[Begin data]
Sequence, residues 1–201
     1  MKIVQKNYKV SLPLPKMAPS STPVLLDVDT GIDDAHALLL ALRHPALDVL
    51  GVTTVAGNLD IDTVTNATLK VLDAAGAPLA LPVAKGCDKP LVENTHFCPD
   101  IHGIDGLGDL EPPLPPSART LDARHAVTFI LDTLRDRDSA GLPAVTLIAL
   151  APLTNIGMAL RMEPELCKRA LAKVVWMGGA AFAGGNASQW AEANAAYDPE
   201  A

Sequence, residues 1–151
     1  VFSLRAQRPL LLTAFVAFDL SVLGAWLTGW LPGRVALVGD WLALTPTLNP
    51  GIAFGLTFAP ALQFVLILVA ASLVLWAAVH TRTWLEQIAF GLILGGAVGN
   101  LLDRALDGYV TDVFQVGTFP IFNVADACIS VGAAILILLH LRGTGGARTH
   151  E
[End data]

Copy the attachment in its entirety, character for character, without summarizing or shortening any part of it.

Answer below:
Sequence, residues 1–201
     1  MKIVQKNYKV SLPLPKMAPS STPVLLDVDT GIDDAHALLL ALRHPALDVL
    51  GVTTVAGNLD IDTVTNATLK VLDAAGAPLA LPVAKGCDKP LVENTHFCPD
   101  IHGIDGLGDL EPPLPPSART LDARHAVTFI LDTLRDRDSA GLPAVTLIAL
   151  APLTNIGMAL RMEPELCKRA LAKVVWMGGA AFAGGNASQW AEANAAYDPE
   201  A

Sequence, residues 1–151
     1  VFSLRAQRPL LLTAFVAFDL SVLGAWLTGW LPGRVALVGD WLALTPTLNP
    51  GIAFGLTFAP ALQFVLILVA ASLVLWAAVH TRTWLEQIAF GLILGGAVGN
   101  LLDRALDGYV TDVFQVGTFP IFNVADACIS VGAAILILLH LRGTGGARTH
   151  E